• 04/12/2021: County Executive criticized by some for slowness in introducing climate legislation
  • 04/01/2021: County Executive introduces bill to require all commercial or multifamily residential buildings larger than 25,000 square feet to meet government-set energy efficiency standards over the course of 15 years, starting in 2022. According to county data, such buildings account for 50 percent of the county’s greenhouse gas emissions.
  • 02/28/2021: Public comments on the working group’s draft plan closed 28 Feb. See detailed comments submitted by the Climate Mobilization Coalition of Montgomery County and by the Montgomery County chapter of the Sierra Club.
  • 02/24/2021: Presentation via Zoom by the County on the draft CAP

More Information

Updated 05/23/2022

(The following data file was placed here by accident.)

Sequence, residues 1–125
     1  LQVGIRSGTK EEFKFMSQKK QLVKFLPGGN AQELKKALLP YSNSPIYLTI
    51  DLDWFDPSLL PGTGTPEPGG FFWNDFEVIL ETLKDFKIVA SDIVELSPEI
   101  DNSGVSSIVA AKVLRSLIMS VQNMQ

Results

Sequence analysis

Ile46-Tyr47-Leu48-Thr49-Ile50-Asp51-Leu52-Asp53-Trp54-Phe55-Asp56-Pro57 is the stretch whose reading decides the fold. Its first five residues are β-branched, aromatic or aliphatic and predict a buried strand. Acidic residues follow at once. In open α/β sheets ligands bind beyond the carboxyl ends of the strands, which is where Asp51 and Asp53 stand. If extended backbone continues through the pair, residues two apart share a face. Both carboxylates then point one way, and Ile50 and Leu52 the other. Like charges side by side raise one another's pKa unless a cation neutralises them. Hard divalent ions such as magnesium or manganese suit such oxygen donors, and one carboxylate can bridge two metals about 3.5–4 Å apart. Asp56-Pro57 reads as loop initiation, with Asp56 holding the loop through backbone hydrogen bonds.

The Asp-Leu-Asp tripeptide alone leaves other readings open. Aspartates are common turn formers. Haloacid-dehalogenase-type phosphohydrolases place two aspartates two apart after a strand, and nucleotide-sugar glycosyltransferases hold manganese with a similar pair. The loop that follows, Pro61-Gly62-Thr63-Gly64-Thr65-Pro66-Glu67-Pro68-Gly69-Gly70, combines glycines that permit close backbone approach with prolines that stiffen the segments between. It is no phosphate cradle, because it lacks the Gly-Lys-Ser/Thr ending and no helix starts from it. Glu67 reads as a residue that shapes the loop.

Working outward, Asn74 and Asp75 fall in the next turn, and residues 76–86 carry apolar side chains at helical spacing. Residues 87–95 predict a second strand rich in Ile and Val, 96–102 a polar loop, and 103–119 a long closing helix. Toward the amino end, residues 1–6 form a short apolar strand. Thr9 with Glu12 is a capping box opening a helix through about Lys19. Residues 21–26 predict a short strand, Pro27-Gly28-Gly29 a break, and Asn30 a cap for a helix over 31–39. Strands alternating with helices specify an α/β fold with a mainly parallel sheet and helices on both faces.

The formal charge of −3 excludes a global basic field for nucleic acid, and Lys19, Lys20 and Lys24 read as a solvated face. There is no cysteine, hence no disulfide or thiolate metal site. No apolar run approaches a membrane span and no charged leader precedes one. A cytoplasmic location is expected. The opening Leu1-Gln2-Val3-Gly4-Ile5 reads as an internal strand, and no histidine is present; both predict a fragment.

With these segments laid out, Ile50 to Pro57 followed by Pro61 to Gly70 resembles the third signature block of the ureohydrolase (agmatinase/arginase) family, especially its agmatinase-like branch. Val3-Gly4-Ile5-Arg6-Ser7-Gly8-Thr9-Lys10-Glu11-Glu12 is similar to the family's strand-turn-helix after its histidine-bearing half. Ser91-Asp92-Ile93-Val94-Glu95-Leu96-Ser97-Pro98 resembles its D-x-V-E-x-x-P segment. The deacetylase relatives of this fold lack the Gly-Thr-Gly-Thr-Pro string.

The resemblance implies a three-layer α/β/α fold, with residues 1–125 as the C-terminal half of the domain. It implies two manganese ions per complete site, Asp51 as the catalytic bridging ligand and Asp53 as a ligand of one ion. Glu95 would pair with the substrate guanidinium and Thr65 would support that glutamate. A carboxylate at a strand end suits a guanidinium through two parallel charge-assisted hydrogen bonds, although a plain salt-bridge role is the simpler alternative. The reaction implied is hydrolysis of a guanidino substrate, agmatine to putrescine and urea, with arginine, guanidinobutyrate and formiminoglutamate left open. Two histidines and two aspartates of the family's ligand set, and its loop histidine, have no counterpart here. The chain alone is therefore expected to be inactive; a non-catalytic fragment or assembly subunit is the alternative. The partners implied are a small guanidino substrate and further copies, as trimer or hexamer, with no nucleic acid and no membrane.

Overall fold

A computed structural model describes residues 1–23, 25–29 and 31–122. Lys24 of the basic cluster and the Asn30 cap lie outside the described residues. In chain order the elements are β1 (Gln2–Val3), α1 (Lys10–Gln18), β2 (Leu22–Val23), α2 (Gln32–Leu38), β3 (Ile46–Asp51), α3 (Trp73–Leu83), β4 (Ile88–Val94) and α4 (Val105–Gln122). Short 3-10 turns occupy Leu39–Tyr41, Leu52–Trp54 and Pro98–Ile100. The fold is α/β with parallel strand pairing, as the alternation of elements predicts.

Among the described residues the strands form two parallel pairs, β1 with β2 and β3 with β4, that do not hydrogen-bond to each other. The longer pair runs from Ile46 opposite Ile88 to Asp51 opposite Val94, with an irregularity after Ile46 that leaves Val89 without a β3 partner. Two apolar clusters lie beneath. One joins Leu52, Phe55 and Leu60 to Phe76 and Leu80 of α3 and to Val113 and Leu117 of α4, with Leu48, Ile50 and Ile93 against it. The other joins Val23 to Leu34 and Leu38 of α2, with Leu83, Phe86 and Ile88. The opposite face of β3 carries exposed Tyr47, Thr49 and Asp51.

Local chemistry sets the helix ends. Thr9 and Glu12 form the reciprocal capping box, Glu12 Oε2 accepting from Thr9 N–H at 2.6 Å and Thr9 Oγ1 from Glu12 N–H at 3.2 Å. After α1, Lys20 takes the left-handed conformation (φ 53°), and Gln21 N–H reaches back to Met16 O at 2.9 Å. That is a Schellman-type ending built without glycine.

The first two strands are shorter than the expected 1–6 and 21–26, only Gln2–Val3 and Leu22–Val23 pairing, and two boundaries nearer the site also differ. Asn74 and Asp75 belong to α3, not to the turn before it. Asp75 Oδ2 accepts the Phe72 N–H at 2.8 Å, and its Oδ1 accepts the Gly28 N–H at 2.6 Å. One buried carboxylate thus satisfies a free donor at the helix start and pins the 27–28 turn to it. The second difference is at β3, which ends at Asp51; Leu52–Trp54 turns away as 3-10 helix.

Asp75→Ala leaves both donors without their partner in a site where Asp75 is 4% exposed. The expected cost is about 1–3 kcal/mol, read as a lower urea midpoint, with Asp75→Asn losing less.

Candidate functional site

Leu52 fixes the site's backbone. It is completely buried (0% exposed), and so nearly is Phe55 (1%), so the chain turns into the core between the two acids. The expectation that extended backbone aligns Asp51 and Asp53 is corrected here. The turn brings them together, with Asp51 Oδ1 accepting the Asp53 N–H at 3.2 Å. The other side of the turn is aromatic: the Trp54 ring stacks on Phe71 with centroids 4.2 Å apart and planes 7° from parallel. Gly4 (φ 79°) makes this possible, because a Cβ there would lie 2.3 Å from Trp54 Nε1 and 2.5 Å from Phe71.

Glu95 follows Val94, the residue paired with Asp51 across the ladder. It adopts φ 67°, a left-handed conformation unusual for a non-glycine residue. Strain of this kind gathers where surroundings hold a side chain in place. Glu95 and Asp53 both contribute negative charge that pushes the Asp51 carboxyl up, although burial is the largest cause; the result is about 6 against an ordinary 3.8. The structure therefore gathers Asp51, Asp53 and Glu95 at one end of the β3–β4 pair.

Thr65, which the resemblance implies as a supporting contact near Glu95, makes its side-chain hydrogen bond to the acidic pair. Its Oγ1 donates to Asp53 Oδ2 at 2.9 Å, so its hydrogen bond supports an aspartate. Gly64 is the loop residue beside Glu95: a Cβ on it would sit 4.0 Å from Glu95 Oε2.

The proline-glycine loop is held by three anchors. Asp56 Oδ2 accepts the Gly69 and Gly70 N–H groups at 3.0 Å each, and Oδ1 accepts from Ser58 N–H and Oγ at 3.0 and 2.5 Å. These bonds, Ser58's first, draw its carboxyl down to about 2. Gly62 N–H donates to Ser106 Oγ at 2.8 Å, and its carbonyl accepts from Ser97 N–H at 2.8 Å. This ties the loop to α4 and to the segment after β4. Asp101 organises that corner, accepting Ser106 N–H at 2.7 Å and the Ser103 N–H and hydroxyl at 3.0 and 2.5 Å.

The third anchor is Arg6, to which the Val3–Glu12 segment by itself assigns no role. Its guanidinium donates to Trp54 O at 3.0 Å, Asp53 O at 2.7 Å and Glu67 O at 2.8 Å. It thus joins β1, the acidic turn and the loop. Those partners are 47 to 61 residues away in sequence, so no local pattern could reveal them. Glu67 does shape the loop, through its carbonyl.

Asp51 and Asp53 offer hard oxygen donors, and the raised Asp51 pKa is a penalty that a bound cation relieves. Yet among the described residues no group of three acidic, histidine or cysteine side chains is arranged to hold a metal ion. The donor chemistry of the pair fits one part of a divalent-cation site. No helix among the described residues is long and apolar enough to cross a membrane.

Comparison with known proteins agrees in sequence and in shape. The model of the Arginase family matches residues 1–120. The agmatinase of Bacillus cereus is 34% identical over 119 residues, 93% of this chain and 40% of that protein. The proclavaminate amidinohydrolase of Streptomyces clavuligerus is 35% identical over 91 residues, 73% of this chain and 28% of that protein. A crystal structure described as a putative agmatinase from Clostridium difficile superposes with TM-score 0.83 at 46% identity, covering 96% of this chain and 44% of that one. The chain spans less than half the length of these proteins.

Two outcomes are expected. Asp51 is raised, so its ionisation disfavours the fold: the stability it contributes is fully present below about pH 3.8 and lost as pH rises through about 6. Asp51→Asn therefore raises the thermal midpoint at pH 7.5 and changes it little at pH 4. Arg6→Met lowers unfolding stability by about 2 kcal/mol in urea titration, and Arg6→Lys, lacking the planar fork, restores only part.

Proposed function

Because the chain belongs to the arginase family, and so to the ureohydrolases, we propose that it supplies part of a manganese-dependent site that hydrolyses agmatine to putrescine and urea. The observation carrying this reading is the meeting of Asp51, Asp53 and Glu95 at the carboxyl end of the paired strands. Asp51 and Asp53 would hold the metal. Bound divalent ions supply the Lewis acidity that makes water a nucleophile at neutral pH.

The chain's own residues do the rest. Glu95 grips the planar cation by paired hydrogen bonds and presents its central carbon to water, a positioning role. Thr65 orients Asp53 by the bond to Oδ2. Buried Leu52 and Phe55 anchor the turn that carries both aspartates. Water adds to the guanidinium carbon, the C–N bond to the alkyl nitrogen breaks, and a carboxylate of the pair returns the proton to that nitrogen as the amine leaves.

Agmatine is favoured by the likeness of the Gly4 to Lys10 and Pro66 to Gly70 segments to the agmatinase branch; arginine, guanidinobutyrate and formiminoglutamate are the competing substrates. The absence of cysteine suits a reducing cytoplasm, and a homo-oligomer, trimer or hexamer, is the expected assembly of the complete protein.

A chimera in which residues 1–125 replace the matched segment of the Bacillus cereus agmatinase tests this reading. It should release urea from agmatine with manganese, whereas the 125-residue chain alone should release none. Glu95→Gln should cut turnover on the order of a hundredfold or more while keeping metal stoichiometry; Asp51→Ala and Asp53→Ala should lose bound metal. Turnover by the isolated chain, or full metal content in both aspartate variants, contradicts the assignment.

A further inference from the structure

Energy Use Standards for Buildings

It is estimated that buildings create 50% of County’s total emissions.  The Council passed two bills in 2022 that will affect buildings in the County.  

In April, the Council passed a bill intended to establish building energy performance standards that specific buildings will have to meet in the coming years in order to reduce their overall carbon footprint. The standards apply to multiple types of commercial and residential buildings in the county that have a gross floor area of 25,000 square feet or more.  A board of industry and civic representatives, nominated by the County Executive and approved by the Council, will advise the Council on interim and final standards for each building type.  The standards must be ready by the end of 2023.

In November 2023, the Council voted unanimously to pass Bill 13-22, which will require the County Executive to issue all-electric building standards for new construction by Dec. 31, 2026.  The bill included exemptions for emergency backup systems and certain uses such as manufacturing, crematories, life sciences and commercial kitchens. In addition, income-restricted housing and schools have an extended timeline.  Pepco and PJM, the manager of regional grid of which Pepco is a member has expressed reservations, summarized in a blog by Adam Pagucco, about its capacity for handling the requirements imposed by the bill.